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Is it useful to learn Classical Chinese?


xuechengfeng

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It is very helpful! People will think highly of you if you can utter a few phrases in Classical Chinese. But I find this less and less appreciated in modern days. It helps you in the way Classical Latin or Classical Greek helps an English speaker. Lastly, I just find it such fun to learn. It explains many questions you might have about Modern Chinese. Like why does one say 国 for "our country". :)

-Shibo :mrgreen:

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xuechengfeng

I guess I'd like to take it but I'm stuck because after 3rd/4th year Chinese, you have elective choice to either continue 4th year studies, or a sequence of classical. If I'm not fluent by 4th year, or close to, then I probably will not do classical. :(

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I have only studied Chinese on my own, outside of a classroom setting, but here are my two cents. First, I would agree with Shibo, studying Classical Chinese grammar does explain a lot of anomolies in Modern Chinese that never seem to be explained in most grammar books. Here are some puzzles I can add to what Shibo described.

Why does 可愛 kěài mean "loveable"/"cute," rather than "able to love"?

What does the 以 yǐ mean in 可以 kěyǐ or in 以上 yǐshàng?

How about the origin of 以為 yǐwéi? Why can its components be separated by other words?

How can 所有 suǒyǒu possibly mean "all"?

What does the 然 rán in 然後 and 自然 zìrán mean?

How about the 而 in 我們為我國而鬥爭 wǒmen wèi wǒ guó ér dòuzhēng?

Why does 於是 yúshì mean "as a result"?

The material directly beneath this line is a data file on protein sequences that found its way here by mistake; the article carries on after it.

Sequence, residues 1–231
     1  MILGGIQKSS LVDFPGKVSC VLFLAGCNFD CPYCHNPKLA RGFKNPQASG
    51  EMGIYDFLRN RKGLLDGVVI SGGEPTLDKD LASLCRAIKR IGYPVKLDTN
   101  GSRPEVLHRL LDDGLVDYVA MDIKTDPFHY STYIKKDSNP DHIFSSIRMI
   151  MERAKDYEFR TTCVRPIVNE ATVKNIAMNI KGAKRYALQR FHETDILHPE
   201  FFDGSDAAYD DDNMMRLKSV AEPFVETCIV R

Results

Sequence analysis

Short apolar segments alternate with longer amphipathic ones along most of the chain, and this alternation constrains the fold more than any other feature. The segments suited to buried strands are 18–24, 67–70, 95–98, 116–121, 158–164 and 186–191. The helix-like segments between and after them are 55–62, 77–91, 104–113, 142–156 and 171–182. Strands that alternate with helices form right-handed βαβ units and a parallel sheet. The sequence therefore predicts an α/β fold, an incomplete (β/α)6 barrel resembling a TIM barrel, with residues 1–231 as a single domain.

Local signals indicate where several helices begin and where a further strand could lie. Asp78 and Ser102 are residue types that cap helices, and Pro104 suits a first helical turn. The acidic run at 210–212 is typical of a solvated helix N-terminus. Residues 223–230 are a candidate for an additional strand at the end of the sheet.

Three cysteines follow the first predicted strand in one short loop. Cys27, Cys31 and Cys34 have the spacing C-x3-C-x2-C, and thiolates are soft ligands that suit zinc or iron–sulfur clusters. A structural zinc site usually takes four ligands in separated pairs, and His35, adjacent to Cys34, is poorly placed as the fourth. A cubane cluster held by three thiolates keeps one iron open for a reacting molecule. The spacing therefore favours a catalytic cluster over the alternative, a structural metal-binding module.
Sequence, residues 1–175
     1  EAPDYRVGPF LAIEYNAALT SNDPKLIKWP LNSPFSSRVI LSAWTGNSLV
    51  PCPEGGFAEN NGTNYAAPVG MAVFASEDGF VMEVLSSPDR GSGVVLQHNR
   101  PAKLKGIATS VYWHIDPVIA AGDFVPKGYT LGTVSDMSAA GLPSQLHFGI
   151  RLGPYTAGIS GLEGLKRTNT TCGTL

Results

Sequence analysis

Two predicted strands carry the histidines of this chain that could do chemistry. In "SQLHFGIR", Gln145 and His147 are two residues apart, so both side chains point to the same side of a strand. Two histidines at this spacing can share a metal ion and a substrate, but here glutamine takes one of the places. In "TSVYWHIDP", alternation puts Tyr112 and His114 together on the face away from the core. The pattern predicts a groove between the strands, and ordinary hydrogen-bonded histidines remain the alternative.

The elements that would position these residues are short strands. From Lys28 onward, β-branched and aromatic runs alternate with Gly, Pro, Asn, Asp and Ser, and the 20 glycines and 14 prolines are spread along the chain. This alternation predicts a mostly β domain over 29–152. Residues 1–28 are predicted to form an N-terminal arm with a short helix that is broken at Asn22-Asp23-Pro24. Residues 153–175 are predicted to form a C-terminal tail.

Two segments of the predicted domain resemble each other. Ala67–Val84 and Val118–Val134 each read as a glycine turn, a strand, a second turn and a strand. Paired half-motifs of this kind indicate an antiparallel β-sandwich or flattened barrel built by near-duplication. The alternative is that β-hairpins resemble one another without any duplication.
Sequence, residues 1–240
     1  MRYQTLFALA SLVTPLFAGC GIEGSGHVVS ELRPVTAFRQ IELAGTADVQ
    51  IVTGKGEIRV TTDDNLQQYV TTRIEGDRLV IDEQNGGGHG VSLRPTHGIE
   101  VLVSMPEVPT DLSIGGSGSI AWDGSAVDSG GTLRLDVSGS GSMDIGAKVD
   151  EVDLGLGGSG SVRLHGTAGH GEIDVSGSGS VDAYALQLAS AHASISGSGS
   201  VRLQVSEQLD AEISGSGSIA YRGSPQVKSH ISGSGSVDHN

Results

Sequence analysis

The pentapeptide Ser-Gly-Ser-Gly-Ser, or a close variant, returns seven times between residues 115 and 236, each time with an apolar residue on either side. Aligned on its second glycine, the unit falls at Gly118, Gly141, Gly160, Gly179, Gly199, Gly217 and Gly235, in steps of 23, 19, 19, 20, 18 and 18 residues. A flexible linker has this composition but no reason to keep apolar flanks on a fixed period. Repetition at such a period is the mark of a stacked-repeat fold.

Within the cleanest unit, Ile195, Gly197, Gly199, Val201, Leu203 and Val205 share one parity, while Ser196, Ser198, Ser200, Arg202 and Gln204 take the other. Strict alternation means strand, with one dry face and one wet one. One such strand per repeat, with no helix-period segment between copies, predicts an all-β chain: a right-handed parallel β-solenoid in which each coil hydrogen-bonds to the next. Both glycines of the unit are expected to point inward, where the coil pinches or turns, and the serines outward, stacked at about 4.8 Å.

All of these are expressions used in Modern Chinese, but which come from Classical Chinese. For people who are allergic to grammatical explanations, it is easier to learn these expressions without asking too many questions. For people like me, who need explanations in order to learn, these usages are very difficult to understand with a basis only in modern Chinese. All of these expressions have fairly simple explanations from the point of view of classical grammar.

One thing I should say, even though I have not taken any Chinese courses, is that I get the impression that such courses are much more oriented to introducing students to literature selections, rather than to teaching grammar. This is quite different from the way Latin, Classical Greek, and Sanskrit are taught. I even get the impression that basic linguistic analysis of Classical Chinese is still rather unfinished. Some authorities in the past even denied that such analysis was necessary or possible, because Classical Chinese was "special" and had no grammar. Such a viewpoint was also more in agreement with the traditional Chinese methods of approaching the classics, i.e., rote memorization, study of commentaries, and personal guidance with a teacher.